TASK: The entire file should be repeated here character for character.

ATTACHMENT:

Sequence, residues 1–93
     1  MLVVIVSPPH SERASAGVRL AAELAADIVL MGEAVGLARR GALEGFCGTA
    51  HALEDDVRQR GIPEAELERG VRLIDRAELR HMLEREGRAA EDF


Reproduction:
Sequence, residues 1–93
     1  MLVVIVSPPH SERASAGVRL AAELAADIVL MGEAVGLARR GALEGFCGTA
    51  HALEDDVRQR GIPEAELERG VRLIDRAELR HMLEREGRAA EDF